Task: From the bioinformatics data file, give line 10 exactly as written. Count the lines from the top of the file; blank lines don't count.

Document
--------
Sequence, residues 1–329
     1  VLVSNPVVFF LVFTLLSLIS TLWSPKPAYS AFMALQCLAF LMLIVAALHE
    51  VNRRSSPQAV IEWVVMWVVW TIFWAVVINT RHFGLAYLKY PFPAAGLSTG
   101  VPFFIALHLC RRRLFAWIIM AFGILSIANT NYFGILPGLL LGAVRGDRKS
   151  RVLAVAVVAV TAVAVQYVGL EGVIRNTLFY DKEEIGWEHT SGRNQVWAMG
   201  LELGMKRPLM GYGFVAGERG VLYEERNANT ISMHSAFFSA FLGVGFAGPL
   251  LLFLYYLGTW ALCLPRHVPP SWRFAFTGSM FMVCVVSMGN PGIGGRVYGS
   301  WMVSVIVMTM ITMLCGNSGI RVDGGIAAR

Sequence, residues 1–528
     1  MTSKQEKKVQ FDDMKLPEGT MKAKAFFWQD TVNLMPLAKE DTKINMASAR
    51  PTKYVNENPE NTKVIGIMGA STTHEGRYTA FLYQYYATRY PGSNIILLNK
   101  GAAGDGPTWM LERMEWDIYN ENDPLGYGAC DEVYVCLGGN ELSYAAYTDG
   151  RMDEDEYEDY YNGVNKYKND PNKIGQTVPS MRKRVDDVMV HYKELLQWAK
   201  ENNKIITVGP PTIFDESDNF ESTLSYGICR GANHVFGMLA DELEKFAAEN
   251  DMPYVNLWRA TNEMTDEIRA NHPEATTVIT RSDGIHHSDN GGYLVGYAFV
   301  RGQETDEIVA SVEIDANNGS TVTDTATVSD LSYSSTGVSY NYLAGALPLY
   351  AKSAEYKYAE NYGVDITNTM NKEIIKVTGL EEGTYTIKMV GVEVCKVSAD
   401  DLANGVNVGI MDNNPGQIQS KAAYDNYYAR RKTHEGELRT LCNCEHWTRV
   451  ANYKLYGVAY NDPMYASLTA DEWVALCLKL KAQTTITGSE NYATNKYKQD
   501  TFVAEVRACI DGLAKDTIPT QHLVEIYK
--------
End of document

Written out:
     1  MTSKQEKKVQ FDDMKLPEGT MKAKAFFWQD TVNLMPLAKE DTKINMASAR